The first protest, which took place in Timisoara, stopped before it started, being blocked by the police, despite the peaceful approach of the two activists who were wearing a double-head T-shirt with a clear cut and the message “Welcome to Romania.” This turned into a media story, as the action was fully legal, peaceful and justified. 

The next meeting was in Brasov, where all EU Directors on nature met in a hotel’s conference hall. Agent Green had reserved a room for a press conference on forests in the hotel as well but the room was denied one day before the conference. But for dedicated activists who care for their and the next generation’s future this is not a barrier. The conference did take place, but in the middle of the street, in front of the building. The action brought big media converage as the many journalist had the chance to face the EU directors with the true infromation they had just received from the activists outside. A similar action was done by Agent Green activists during a EU representatives Meeting in Bistrita.

The EU leaders meeting in Sibiu was preceded by an official public letter sent by Agent Green and EuroNatur to all the leaders – a call for help and intervention, referring to the latest IPBES Global Assessment on Biodiversity and Ecosystem Services report. Unfortunately, only two answers were recieved. These were extremely appreciated, but the problem of Europe’s last virgin forests is a matter of continental interest and it is sad that, especially the environmental-related delegates, seam not to care. The rest of the 26 countries should be aware that they are also responsible for the natural heritage protection and that these are Europe’s last virgin forests and several thousands of years old.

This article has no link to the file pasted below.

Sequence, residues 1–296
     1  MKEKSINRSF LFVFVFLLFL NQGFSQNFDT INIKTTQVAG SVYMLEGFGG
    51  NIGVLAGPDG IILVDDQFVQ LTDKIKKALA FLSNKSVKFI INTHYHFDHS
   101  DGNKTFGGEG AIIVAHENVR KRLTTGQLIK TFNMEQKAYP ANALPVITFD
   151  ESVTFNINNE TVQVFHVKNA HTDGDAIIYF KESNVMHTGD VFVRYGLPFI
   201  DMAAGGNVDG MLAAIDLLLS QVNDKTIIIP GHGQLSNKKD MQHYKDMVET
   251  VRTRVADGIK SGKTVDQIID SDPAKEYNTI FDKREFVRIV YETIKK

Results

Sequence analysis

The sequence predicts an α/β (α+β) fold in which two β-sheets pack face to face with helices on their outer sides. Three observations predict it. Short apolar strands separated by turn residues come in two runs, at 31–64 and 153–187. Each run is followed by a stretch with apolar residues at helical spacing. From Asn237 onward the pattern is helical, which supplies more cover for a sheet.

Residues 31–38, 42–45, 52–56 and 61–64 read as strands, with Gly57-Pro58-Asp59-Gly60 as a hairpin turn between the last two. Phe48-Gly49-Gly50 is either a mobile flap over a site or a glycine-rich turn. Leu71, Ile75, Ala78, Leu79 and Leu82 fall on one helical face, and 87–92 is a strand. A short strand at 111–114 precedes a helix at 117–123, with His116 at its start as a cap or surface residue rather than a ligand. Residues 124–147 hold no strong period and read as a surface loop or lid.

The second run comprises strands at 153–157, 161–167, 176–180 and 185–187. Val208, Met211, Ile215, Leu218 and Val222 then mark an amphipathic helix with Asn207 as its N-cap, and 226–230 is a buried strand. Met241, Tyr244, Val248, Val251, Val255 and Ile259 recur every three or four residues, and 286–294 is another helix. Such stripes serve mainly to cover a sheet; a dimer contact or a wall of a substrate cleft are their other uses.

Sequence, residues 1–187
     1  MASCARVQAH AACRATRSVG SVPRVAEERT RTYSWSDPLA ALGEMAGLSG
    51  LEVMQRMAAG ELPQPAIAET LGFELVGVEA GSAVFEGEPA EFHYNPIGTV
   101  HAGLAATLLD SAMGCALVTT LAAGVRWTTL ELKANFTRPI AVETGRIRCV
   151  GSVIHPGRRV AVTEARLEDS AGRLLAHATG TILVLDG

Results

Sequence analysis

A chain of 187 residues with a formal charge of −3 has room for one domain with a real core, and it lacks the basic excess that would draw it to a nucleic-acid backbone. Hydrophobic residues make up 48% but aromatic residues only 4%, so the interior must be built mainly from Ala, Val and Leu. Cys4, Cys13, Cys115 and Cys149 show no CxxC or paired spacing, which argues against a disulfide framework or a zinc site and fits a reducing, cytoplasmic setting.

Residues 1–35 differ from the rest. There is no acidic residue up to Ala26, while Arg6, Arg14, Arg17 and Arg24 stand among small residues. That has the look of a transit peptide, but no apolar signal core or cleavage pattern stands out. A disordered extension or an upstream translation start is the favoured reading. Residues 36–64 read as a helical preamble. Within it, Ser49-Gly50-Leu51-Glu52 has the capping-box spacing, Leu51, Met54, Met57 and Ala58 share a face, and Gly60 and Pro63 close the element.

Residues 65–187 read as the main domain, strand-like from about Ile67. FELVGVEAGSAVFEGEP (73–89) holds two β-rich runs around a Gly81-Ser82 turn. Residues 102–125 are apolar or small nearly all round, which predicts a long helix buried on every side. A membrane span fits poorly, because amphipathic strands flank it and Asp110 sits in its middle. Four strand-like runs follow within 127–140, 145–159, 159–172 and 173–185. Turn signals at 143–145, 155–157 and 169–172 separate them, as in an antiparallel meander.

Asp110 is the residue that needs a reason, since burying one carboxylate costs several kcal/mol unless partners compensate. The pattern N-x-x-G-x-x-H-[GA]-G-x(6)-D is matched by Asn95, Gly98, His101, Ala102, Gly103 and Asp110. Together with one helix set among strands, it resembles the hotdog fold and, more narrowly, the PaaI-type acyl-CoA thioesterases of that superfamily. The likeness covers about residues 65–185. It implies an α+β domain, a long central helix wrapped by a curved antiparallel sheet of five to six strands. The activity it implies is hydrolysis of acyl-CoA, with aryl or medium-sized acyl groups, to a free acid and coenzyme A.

Furthermore, the environment ministers met in Bucharest at the Palace of the Parliament. This time, the organization called for those whose future they are fighting for: the children. Special occasions require special measures: a huge collective painting event, where families and children were invited to paint the entire street from the front of the Palace of the Parliament. The painting had tremendous success among pedestriants, employees of the Parliament and internet users, having been photographed hundreds and hundreds of times.

Commissioner Vella’s press statement following the event was a light of hope that the efforts reached the goal: “The IPBES Global Assessment on Biodiversity and Ecosystem Services session made this starkly clear.
Let’s be blunt: if we fail to alter the fate of biodiversity and ecosystem loss, achieving the Paris Agreement objectives and the Sustainable Development Goals is nothing more than an illusion…
We need to rapidly improve the implementation of existing policy instruments…The link between climate change and biodiversity loss is clearly on everyone’s radar.

Last but not least, the Meeting in Gura Humorului was dedicated exclusively to forests. All the forest directors in the EU met in Romania’s most forested area. Included in the agenda was a trip to a beautiful virgin forest. Agent Green requersted to accompany the trip to ensure that also the reality of many other forests in Romania would be presented, was denied. Therefore, the activists launched an online call for the public – send emails to the ministry in order to ask them to show transparency for such meetings. Hundreds of people responded and wrote to the ministry but still the meeting remained closed. So, the activists found out the trip area and managed to hand out newly released leaflets with data to the situation of Romanian forests to the Ministers. This data is extracted exclusively from official documents, which were deliberately omitted in a meeting that could prove essential for the future of the next generations.